Anthony Ray Hinton: An Example of Perseverance by Pamela Mytroen

Death Row. Where darkness and despair crush all hope; where the stench of fear, rats, and roaches permeate every breath—this was where Anthony Ray Hinton had to make a choice. Would he continue to boil with hatred and strangle the guard before him or would he choose to accept the 5’x7′ space that contained his life?

In his biography, The Sun Does Shine, Hinton describes the pivotal moment that would define his 30-year stay on death row. “. . . I had made the choice to spend the last three years thinking about killing McGregor and thinking about killing myself. Despair was a choice. Hatred was a choice. Anger was a choice. I still had choices, and that knowledge rocked me . . . I could choose to give up or to hang on. Hope was a choice. Faith was a choice. And more than anything else, love was a choice. ” (Hinton and Harden, 2018, p. 115).

His radical change began with self-discipline. He purposely chose to think about positive things rather than the day he would be handed his execution date. He chose to remember his mom’s home-cooking and playing baseball with his best friend. He imagined himself travelling the world. “I tried to focus on the moments that held light and laughter. It’s what helped me get through” (p. 226). This reminds me of Philippians 4:8, “…fill your minds with those things that are good and that deserve praise: things that are true, noble, right, pure, lovely, and honorable” (GNT).

Hinton reached under his bunk, pulled out his Bible, and began to fill up on truth. Every day he read God’s Word and prayed for his family, his lawyer, and even the ones who had framed him. Filled with faith, forgiveness, and truth, he found freedom in his tiny cell. A constant friend filled him with hope and the knowledge that he was loved and had value.

Inner strength then enabled Ray Hinton to reach out to his cellmates. “I had a choice to reach out to these men or to stay in the dark alone” (p. 116).

He chose to be compassionate to all, regardless of their skin colour or the atrocities they had committed. He called out to them when they were crying in their cells. A sense of humour helped him endure a daily loss of dignity, and he would reframe it in funny stories he shared with the others. He started a book club to give the cellmates something to talk about rather than the constant loop of anxiety and loss.  

With inward transformation and an outward focus, Hinton was able to persevere through false charges, public humiliation, hearings thrown out, petitions denied, prosecutors and bailiffs who lied, and a public defendant who considered his job a mere duty, all while living 30 feet from the execution chamber in a cramped cage.    

Strategies for Perseverance

Our situation likely doesn’t compare to Hinton’s, with the constant fear preying on his imagination, but we do have challenges that rattle us. Our words might feel fenced in by razor wires of rejection, anxiety, procrastination, and time. Pushing through these boundaries takes perseverance.

Inward Renewal: Would inner transformation sustain us in our writing career? Can we strengthen our soul in the Word, like Hinton did, before we write? Could we face yet another rejection with hope? Can we look at the editor’s comments with a positive viewpoint? Learn from them? When bars of bitterness hem us in, feel the freedom of forgiveness and put that joy on paper. Read other authors and soak in their wisdom. Discover their angles and perspectives. Marinate your mind on all these good things and you will find that gratitude helps you to write another day.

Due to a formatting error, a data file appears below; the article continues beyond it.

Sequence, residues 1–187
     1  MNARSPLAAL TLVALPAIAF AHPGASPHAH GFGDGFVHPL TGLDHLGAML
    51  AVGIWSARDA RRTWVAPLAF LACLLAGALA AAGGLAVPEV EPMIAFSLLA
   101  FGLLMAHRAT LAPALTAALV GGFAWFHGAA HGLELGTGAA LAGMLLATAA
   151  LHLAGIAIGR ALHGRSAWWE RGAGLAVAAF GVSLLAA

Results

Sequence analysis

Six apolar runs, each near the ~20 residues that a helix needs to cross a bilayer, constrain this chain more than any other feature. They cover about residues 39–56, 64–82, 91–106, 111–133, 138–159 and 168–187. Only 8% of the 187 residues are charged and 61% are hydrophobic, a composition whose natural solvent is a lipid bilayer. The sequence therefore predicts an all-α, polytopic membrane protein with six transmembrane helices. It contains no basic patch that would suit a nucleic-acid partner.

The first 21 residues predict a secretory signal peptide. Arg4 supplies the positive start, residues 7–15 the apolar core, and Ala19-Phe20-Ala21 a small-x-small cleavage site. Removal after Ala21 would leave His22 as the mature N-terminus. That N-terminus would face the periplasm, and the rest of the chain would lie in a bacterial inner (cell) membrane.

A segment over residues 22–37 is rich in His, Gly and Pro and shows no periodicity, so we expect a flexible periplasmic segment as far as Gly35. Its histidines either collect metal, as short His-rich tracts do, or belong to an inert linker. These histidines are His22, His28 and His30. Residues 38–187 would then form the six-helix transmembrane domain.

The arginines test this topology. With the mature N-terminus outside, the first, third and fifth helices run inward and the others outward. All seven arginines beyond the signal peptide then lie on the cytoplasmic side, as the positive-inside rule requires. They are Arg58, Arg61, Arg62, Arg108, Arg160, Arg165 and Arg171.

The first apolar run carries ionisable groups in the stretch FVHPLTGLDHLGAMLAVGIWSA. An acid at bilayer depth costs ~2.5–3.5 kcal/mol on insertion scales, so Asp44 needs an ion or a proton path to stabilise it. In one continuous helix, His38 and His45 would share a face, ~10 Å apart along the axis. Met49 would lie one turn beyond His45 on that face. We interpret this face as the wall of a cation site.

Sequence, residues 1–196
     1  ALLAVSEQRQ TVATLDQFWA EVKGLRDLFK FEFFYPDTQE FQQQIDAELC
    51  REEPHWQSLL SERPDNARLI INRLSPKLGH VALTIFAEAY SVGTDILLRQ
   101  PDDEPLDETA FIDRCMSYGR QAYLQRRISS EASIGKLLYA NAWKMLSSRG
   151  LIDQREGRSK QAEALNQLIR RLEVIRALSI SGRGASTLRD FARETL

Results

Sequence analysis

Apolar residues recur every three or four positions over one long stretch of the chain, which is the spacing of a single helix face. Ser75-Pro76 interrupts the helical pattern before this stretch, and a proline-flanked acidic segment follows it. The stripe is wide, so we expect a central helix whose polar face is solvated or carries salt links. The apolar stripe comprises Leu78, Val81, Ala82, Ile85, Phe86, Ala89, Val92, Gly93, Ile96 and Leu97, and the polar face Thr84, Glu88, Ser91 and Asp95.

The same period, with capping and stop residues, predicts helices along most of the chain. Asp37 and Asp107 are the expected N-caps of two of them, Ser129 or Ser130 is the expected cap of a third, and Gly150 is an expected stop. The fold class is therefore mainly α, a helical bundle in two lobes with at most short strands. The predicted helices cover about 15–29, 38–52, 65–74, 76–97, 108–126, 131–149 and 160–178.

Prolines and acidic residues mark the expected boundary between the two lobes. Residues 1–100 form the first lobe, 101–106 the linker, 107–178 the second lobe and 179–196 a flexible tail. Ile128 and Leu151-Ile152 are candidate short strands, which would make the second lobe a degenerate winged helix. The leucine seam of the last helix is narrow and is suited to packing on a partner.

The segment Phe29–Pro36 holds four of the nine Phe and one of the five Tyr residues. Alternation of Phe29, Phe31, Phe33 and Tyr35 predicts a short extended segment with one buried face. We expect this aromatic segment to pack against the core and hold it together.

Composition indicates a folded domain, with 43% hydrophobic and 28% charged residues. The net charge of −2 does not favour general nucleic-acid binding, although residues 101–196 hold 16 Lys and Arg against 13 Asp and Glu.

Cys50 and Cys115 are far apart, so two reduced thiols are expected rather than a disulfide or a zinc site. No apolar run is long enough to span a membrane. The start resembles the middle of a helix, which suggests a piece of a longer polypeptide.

Outward Focus: Would an outward focus push us past paralysis? When we struggle with vulnerability, how about thinking of our readers? By putting their needs and interests above our own, we can write with empathy, short circuit fear, and free another soul. Like Hinton, can we sometimes rewrite our low points and losses into lighthearted accounts?

Time Management: And what about that ever-present excuse, “I don’t have time to write”? Hinton faced death every day. He knew the sounds and acrid smell of it. Knowing there was an end sparked a new beginning in Hinton’s life. “I was going to find another way to do my time. Whatever time I had left. Everything, I realized, is a choice. And spending your days waiting to die is no way to live” (p. 118). Time management takes on a whole new meaning if we first look the end in the eye. 

Celebration: Hinton focused on what he would enjoy if he ever walked free. The soft grass beneath his feet. A walk in the woods. Fishing. The sunset from his mom’s deck. All of these kept him going. They would be his celebration and his prize. What prize will you give yourself for completing your next piece of writing?  

Let’s persevere! Prioritize positive, peaceful thoughts, and practice compassion. We all have an expiration date that should point us to a Best Before urgency to write and to live. “Therefore, we do not give up. Even though our outer person is being destroyed, our inner person is being renewed day by day” (2 Corinthians 4:16, CSB).    

Quotes taken from book, The Sun Does Shine: How I found life and freedom on death row. St. Martins Press. New York, 2018 by Anthony Ray Hinton with Lara Love Hardin.

Writing has always helped Pam Mytroen make sense of marriage, children, grandchildren, teaching English, and chaos of all kinds. That, and a good book with a chocolate chip cookie.

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1 comment

  1. Tracy Krauss says:

    Absolutely powerful.

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